Workbench Build #18: Odds and Ends

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Blog entry by Mark Kornell posted 12-17-2014 07:59 AM 1940 reads 0 times favorited 4 comments Add to Favorites Watch
« Part 17: Mortising the legs Part 18 of Workbench Build series Part 19: Getting the base ready for assembly »

Well, I discovered I didn’t take any pictures of fitting the tenons to the mortises. Probably because it was kind of tedious and a little bit boring.

The first step was to cut the tenons. For the side stretchers, I cut them the same way I cut the large tenons on the legs – with the table saw. Shoulders first, then stand the piece up and cut the cheeks.

Then I squared up each mortise and used a router plane, a rasp and/or a float to fit each tenon in turn. Three of the 8 tenons were a perfect fit off the saw while 3 were tight and needed a slight adjustment. 2 were loose, I’ll have to use epoxy on those.

Then it was on to taking care of all the other little details before the bench can be assembled.

First, I patched the extra mortise in the leg. Glued in a large piece to fill most of the cavity, leaving about 1/8” to go. Squared off the corners and then fit and glued the visible patch.

After the glue dried, I planed the patch flush.

I didn’t try to match the grain. Good reminder to pay attention!

I also cut the tenons in the long (front and back) stretchers. After getting them dimensioned, I cut the shoulders on the table saw.

At about 60”, these stretchers are too long to readily stand up on the tablesaw so I cut the cheeks on the bandsaw.

Checking the fit of the front stretcher:

Checking the fit of the back stretchers:

To drill the holes for the bolts, I wanted to make sure the stretcher was clamped squarely to leg. This is what I came up with:

And drilled the holes to depth.

Also counterbored and drilled the top stretchers for lag bolts into the top. Not sure I’ll need to use lags, but easier to drill now…

I decided to put a small bevel on the bottom of the bench legs. Dunno if this will affect the stability of the bench, but I like the look. It is 1/4” deep by 1” tall, almost exactly 14°. Set up the table saw to make the cut:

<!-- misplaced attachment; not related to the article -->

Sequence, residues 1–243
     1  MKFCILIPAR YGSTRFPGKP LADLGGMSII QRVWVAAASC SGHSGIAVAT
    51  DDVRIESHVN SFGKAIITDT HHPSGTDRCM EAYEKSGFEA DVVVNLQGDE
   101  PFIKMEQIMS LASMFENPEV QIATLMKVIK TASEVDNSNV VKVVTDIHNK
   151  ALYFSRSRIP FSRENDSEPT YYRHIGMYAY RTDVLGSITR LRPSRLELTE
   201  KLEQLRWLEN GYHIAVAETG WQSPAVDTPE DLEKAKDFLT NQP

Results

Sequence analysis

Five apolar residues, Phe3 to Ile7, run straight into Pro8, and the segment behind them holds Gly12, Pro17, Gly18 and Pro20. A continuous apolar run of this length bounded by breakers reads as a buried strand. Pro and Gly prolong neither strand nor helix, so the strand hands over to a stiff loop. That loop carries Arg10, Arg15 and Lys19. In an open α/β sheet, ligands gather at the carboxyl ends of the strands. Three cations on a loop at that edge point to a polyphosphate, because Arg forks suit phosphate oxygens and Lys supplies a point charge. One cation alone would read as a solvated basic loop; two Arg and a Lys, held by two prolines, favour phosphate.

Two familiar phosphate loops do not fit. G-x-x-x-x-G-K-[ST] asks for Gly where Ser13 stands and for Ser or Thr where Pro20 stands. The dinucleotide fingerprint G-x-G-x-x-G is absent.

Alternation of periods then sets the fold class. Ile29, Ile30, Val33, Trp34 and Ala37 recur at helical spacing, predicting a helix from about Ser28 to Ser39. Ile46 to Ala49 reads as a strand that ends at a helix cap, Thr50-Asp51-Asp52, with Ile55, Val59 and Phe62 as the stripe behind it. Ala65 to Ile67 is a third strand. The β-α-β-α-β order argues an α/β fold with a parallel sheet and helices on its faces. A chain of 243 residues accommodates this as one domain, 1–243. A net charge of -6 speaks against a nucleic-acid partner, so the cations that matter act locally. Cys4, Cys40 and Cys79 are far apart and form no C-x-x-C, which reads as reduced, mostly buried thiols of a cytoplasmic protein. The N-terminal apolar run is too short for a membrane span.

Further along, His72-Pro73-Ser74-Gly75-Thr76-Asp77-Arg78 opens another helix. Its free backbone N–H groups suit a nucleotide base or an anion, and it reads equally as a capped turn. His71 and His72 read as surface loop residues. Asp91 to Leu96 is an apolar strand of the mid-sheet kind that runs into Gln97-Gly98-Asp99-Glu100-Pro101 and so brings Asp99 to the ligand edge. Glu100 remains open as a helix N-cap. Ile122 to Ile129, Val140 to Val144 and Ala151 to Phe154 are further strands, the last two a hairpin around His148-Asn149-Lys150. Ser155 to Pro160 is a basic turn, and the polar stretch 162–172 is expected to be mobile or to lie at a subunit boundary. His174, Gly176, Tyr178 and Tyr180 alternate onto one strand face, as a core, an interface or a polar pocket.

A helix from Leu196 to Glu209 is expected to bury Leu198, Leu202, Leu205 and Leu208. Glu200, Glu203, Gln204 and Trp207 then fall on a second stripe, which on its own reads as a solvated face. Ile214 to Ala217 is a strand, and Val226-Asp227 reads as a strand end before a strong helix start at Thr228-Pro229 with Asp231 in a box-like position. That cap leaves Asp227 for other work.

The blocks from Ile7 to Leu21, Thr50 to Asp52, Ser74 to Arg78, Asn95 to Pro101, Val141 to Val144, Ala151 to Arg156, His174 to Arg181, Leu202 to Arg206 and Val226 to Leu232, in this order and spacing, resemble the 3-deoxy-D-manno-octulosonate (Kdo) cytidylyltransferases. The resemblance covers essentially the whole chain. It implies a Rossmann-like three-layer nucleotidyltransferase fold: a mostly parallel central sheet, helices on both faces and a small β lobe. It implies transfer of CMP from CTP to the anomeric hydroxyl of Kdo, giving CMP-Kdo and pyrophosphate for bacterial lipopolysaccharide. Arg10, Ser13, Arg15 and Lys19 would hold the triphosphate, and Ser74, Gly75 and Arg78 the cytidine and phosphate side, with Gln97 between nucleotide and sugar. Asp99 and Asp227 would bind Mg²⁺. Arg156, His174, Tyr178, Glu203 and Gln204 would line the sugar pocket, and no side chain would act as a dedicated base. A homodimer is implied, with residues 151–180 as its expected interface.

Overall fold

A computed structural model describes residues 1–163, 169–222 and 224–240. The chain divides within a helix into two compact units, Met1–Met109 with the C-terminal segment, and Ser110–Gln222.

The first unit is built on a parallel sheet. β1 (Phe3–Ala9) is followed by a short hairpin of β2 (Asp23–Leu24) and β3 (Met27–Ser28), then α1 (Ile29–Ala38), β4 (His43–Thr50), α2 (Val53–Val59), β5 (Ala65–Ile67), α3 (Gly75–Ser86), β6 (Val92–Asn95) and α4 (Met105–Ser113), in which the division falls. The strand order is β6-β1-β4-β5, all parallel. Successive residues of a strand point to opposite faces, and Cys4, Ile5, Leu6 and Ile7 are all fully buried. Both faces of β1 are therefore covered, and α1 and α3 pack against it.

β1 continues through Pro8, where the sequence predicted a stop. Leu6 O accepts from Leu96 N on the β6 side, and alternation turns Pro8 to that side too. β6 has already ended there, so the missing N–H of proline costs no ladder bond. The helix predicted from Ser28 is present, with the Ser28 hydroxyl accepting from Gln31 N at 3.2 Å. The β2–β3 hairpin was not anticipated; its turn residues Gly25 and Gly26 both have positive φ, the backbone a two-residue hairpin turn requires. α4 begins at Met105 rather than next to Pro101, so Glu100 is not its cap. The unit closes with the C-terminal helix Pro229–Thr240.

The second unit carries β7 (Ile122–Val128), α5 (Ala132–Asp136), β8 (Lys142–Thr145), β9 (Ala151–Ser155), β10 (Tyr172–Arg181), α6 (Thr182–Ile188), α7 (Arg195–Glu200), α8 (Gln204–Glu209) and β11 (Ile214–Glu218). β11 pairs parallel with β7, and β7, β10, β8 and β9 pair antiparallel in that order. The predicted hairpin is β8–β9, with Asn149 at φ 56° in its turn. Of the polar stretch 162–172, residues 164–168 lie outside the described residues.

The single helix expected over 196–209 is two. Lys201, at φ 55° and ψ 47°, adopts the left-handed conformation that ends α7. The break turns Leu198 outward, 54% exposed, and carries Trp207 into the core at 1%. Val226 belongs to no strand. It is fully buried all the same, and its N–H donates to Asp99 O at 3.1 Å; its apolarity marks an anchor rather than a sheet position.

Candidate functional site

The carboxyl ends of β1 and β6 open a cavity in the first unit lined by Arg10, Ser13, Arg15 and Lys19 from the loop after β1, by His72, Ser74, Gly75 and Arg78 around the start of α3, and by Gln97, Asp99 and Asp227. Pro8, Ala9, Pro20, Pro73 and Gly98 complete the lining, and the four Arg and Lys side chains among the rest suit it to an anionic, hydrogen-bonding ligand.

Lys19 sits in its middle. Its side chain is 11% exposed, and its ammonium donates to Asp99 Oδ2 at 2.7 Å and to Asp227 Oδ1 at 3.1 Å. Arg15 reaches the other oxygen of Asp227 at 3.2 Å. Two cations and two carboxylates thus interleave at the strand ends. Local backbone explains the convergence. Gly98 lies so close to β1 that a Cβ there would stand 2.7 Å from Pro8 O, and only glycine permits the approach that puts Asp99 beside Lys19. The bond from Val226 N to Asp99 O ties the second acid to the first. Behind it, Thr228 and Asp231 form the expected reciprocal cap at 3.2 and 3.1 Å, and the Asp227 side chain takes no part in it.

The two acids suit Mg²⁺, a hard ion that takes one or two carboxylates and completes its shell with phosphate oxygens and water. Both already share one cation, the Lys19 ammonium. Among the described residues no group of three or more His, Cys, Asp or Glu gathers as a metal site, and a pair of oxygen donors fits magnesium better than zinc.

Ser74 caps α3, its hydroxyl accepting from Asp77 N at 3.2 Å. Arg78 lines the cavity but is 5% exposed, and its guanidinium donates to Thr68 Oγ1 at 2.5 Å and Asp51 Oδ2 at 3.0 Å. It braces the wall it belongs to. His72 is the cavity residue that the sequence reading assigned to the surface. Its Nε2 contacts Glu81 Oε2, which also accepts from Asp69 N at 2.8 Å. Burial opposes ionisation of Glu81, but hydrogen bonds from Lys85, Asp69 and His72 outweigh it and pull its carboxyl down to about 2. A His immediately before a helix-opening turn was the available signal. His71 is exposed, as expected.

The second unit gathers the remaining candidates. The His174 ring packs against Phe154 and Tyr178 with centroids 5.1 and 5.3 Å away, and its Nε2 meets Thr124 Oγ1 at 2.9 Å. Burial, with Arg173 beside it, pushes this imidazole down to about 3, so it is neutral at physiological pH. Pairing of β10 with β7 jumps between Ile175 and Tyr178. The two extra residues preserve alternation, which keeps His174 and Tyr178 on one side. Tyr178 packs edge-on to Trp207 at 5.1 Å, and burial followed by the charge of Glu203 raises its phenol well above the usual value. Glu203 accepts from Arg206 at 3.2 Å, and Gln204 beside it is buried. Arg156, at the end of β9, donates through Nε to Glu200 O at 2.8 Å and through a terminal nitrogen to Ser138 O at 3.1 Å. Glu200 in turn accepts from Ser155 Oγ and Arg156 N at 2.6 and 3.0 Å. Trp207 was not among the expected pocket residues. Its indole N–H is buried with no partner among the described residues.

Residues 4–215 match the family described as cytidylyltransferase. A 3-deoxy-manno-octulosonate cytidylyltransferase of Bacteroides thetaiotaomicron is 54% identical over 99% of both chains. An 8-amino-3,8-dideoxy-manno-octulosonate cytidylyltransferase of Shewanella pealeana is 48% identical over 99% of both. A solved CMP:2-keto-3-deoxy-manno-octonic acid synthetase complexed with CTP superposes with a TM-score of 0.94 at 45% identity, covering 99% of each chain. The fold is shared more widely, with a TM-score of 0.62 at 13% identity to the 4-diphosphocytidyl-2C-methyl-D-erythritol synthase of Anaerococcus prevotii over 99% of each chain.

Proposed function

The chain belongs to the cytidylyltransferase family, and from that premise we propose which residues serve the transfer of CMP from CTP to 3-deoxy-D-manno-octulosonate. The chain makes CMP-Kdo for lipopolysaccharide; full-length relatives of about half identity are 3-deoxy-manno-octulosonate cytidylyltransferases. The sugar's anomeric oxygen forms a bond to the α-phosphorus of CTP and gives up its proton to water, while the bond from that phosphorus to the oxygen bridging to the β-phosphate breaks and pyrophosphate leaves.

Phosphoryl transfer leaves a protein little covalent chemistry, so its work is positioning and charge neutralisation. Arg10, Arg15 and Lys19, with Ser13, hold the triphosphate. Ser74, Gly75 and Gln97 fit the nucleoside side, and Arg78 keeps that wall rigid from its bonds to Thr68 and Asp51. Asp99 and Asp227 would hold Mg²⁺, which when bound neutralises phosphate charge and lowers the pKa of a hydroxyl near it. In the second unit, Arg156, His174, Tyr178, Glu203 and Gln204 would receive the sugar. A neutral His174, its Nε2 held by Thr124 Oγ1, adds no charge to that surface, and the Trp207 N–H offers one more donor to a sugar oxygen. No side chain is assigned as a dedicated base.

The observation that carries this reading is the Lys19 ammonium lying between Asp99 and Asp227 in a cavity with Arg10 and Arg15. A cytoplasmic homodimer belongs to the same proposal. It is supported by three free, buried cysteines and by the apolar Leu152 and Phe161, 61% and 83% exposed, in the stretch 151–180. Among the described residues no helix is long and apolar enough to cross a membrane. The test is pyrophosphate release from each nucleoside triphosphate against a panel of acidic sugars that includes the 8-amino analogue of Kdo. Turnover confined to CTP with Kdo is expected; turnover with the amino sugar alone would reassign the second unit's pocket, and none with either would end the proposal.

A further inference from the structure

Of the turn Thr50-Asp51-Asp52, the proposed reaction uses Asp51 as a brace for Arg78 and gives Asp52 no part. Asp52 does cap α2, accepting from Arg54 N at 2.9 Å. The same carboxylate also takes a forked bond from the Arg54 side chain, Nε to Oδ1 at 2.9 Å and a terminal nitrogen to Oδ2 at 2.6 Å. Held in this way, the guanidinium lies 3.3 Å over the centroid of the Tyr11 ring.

And soon enough, I’ve got 4 legs with bevels at the bottom:

Need to mortise for the nuts holding the stretcher connection bolts. Check the bolt protrusion:

Set up the router track guide accordingly:

Route the mortise and test:

I also did the runner for the deadman. First, glue an oversize piece of maple to the top of the front stretcher. The benchtop acts as a handy caul:

Flush the piece to the stretcher using planes:

Add the mortises for the connection bolt nuts:

And then cut the maple to a triangular shape. Set the table saw fence and tilt the blade to 45° before making the first cut.

Flip the piece end for end and make the second cut:

After that, I bump the fence a hair (maybe 1/100”) and repeat the two cuts. It takes just a small extra amount off, which cleans up saw marks and any burning.

Then I put a 1/16” round over on the top of the triangle. Deadman runner is done!

Because I want a shelf on the bottom of the bench, I decide to add cleats to support shelf boards. I had some leftover pieces from making the legs:

Which, after milling, turns into:

Those leftovers will probably go into the fireplace sometime this winter…

Glue and screw the cleats to the bottom stretchers:

I would have preferred to use taller cleats, but needed to keep them to a certain size to avoid interference with the holes for the nuts.

And the stretchers are ready:

At this point, the bench could be assembled. First, though, I want to do a bit of sanding and slap a minimal finish on the parts of base. Just for looks.

I inadvertently started the finishing. Leaving some DNA behind:

Here’s where I was leaking. Have absolutely no idea where that came from.

-- Mark Kornell, Kornell Wood Design

4 comments so far

View Vactet's profile


9 posts in 676 days

#1 posted 12-17-2014 08:26 AM

Wish I could do that work. Never really got my hand good at doing tendons and all of that, looks great though.
As per the blood, we bleed for what matters. Plus, it does mark your territory rather well.
Look forward to seeing the rest.

View Don W's profile

Don W

17868 posts in 1984 days

#2 posted 12-17-2014 12:32 PM

nice work Mark…...

-- Master hand plane hoarder. -

View terryR's profile (online now)


6227 posts in 1725 days

#3 posted 12-17-2014 03:33 PM

Very clean work…and so fast! :)

Amazing how such a small nick on one’s finger can be in the wrong place at the wrong time.

-- tr ...see one, do one, teach one...

View Mark Kornell's profile

Mark Kornell

1057 posts in 1947 days

#4 posted 12-17-2014 10:02 PM

Terry – I started making sawdust on March 25 this year. Lord willing and the creek don’t rise, it’ll be done before Christmas Day. That’s 9 months, roughly the gestational period for a.human.infant. so call this my baby :-)

Don, thank you.

Vactet, welcome to LumberJocks. Check out the Work bench smack down thread for good info and folks who can offer pertinent advise. Re: your comment on getting good at mortise and tenon work – like pretty much everything, the only way to get good is to jump in and do. And fortunately when working with wood, if you make a mistake it is usually fixable. As you get more practice, you’ll find you make fewer mistakes and you get better at hiding them, too. -:)

-- Mark Kornell, Kornell Wood Design

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